BeautyAndThe Beast’s move to the big screen was no fairy tale.
BEAUTY And The Beast, which opened in theatres on Nov 23, 1991, is considered one of Walt Disney Studio’s greatest animated films.
Adapted from the classic fairy tale by Linda Woolverton, directed by Gary Trousdale and Kirk Wise, and produced by Don Hahn, the magical fantasy became the first animated film to be nominated for a best picture Oscar.
Besides getting stellar vocal performances from Paige O’Hara as Belle, Robby Benson as the Beast, Angela Lansbury as Mrs Potts and Jerry Orbach as Lumiere, the film also featured a Broadway musical sensibility thanks to the memorable score by Howard Ashman and Alan Menken. The pair won an Oscar for the title tune and Menken won another for original score.
Beauty And The Beast, which earned US$403mil internationally, spawned two made-for-DVD sequels, a TV spinoff and a longrunning Broadway musical.
Last week it made its Blu-ray debut in a two-disc set with several new documentaries.
Despite its tremendous success, bringing Beauty And The Beast to the screen was a rocky undertaking. Originally, English director Richard Purdum was hired to make a darker, non-musical version.
But after seeing the initial story reels in 1989, Disney chairman Jeffrey Katzenberg scrapped the footage and brought the production team from London to Los Angeles.
Eventually Purdum resigned and first-time feature directors Wise and Trousdale were brought in.
The film was also a race against the clock for Ashman, who was dying from AIDS. He was able to keep his illness a secret for several months, eventually succumbing at the age of 40 before the film opened.
Several of those involved with the movie recently talked about their memories of making it.
(producer) We ate up a lot of time and money at the beginning, and once we pulled it back to LA and Kirk and Gary started working on it, it went incredibly fast.
It was a time where we didn’t spend a lot of money because there was no guaranteed box office. We were just hoping, if we were really lucky, to live up to Little Mermaid.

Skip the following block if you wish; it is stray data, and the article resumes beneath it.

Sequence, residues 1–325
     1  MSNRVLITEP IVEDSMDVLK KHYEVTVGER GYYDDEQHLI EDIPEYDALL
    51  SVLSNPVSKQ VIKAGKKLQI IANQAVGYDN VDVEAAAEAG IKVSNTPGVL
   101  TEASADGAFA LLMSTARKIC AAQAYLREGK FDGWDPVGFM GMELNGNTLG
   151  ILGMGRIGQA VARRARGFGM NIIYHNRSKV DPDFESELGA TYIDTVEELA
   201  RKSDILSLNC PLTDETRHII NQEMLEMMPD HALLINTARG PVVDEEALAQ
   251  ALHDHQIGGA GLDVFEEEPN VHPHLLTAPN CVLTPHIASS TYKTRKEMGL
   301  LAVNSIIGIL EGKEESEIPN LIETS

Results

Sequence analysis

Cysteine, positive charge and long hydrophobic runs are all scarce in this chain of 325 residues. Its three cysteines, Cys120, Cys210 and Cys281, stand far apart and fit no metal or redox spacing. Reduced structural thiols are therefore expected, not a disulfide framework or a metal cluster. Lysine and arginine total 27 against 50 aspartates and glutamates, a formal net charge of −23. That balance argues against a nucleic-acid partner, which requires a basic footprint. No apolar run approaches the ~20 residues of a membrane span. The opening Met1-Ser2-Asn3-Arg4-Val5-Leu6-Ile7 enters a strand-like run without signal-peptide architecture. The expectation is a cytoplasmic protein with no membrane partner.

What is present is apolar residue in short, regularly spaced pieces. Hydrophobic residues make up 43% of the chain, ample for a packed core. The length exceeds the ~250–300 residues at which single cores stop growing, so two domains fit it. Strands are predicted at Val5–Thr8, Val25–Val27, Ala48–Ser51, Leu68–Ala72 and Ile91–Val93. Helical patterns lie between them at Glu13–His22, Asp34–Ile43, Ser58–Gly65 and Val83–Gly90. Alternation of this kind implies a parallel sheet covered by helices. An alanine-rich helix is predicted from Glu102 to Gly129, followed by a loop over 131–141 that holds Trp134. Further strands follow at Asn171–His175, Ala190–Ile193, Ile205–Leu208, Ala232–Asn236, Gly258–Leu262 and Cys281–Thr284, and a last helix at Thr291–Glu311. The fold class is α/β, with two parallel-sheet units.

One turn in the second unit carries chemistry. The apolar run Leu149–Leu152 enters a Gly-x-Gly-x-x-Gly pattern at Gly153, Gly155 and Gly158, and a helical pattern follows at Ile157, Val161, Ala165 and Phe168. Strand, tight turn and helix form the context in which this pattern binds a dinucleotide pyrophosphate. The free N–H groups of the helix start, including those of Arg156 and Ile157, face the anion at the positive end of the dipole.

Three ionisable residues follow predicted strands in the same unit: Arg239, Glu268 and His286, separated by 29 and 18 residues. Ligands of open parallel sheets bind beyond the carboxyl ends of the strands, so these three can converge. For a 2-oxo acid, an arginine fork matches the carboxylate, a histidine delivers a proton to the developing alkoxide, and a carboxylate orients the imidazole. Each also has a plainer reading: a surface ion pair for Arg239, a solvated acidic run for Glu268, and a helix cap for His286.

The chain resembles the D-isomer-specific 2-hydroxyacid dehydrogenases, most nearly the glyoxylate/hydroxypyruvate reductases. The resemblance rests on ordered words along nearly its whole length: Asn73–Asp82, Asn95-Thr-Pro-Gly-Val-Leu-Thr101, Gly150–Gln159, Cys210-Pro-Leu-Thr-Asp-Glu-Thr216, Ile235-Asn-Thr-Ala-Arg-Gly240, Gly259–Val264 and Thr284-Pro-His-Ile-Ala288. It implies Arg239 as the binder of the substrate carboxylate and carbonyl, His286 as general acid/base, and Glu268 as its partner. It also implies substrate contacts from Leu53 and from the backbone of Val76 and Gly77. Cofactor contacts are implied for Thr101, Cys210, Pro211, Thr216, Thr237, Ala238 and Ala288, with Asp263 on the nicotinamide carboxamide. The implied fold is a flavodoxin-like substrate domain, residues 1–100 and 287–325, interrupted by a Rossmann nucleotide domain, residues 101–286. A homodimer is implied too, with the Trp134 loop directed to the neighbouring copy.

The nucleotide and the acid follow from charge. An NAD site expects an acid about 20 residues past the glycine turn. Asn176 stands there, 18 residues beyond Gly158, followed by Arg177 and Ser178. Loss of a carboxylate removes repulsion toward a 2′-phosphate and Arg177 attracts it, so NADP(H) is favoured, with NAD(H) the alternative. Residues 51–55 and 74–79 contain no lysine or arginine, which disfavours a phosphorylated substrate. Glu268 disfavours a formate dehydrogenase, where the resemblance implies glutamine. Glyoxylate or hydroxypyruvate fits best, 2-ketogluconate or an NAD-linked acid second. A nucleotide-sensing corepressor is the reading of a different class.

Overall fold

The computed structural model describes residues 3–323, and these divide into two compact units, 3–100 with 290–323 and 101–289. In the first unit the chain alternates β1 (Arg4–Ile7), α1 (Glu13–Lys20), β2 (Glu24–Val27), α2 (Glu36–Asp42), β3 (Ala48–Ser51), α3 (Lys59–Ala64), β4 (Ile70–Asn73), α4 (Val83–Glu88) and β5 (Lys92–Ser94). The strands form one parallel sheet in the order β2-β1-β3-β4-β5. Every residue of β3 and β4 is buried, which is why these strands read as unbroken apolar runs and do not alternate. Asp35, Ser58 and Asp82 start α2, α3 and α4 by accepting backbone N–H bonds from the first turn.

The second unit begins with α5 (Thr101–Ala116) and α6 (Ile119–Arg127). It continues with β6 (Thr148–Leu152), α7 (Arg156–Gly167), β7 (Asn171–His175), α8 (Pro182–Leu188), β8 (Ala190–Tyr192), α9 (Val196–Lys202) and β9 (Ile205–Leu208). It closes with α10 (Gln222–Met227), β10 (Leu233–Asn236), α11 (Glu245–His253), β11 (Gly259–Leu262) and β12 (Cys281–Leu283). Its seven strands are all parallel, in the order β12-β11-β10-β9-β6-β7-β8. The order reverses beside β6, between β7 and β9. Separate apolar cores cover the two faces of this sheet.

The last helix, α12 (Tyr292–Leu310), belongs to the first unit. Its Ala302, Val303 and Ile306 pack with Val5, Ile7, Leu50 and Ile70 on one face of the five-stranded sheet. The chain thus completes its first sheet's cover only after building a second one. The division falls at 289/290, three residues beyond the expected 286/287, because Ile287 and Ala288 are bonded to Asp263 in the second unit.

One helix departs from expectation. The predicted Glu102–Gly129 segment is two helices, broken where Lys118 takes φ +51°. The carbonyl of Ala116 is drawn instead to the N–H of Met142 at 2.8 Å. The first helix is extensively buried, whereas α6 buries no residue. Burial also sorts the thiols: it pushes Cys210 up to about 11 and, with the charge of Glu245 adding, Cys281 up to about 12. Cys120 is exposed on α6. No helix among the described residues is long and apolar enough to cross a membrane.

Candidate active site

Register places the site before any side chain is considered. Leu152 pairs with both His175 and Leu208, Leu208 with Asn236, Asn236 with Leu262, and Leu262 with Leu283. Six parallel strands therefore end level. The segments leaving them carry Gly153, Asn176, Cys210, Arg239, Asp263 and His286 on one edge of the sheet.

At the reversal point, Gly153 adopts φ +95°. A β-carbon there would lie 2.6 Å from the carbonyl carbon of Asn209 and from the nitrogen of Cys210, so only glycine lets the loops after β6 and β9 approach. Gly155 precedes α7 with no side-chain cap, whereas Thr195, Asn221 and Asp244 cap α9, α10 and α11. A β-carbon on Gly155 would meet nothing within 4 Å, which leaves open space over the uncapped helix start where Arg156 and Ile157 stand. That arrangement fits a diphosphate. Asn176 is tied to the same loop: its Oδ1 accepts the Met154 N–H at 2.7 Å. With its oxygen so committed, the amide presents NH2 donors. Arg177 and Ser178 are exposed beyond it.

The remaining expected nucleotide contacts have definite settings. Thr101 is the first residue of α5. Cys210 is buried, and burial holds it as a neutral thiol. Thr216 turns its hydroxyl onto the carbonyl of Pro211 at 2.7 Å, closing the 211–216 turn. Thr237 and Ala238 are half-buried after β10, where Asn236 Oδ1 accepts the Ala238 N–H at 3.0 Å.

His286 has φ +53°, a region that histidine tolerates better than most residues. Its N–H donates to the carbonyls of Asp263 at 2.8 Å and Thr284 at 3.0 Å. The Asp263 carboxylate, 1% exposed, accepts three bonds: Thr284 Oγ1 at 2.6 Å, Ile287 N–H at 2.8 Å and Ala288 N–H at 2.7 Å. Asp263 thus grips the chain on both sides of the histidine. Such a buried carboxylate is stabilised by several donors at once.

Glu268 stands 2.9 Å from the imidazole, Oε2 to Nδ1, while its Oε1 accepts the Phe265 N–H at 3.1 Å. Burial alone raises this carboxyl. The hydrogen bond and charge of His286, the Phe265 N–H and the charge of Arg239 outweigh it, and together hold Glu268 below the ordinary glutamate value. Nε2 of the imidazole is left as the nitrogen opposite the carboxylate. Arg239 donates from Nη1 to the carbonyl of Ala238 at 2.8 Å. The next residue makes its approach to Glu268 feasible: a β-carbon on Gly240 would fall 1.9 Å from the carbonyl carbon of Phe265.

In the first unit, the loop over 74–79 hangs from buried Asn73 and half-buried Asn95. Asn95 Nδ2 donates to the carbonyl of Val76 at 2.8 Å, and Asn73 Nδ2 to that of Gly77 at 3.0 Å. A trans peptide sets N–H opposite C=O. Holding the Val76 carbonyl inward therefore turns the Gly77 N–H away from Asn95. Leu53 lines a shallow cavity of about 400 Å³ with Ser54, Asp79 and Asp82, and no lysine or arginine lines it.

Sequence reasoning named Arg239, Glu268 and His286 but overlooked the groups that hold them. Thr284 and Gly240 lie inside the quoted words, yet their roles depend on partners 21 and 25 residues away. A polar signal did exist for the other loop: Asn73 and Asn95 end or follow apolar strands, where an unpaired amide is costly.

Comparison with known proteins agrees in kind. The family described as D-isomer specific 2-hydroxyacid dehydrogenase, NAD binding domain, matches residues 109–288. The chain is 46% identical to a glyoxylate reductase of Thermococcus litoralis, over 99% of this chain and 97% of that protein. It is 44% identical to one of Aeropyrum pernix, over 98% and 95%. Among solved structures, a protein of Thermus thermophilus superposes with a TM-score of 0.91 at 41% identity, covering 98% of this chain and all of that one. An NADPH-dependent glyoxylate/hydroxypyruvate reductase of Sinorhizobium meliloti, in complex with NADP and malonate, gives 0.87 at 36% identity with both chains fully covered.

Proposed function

The biggest issue to me was how the audience was going to really believe that Belle falls in love with the Beast. We didn’t have that moment until we were about six months from being done.
Howard Ashman wrote a song, Something There. It was this moment when the Beast actually
(animator of the
One of the initial problems animators of encountered was in creating a believable scene in which Belle falls for the Beast. does something very unselfish and is sensitive to what Belle loves, which is reading. He gives her a library as a gift.
As soon as that happened, suddenly Belle could really fall for this guy and the whole movie turned ... You’d never know it from watching the film, but if you took that moment out, the film wouldn’t work.
I was hired to write a draft (for) a non-musical. In the middle of our process, Little Mermaid premiered and that changed everything – the concept of the Broadway musical brought to animation by
(screen- Howard and Alan. Howard and I just clicked.
At the time, Howard was sick and he didn’t tell anyone. I think the reason he didn’t write the book himself was because he was sick.
In a hotel room in Fishkill, New York, Howard and I pretty much conjured up this version of Beauty And The Beast. Howard and I never clashed. I was his student. He taught me everything I know about musicals.
When I first heard the song Beauty And The Beast, it was at the study of my house here in
(voice of Belle) Robby Benson (voice of Beast) and I recorded together, which was great. They would shoot us and the animators would use those videos (to create the character). That is why it was so realistic.
Before I was cast, some of the drawings of Belle were too perfect. She was just too beautiful, too perfect and untouchable. Then they started to change their minds. They said, ‘ OK. We are making her an intellectual now. She’s a little odd. Let’s change it up a little bit and make her more attainable and more identifiable to little girls.’
You would be amazed at the amount of mail I’ve gotten over the years about her being a bookworm, but also having brown hair and brown eyes. Little girls had never seen a Disney princess with brown eyes. — Los Angeles Times/ McClatchy-Tribune Information Services
Something there: AndTheBeast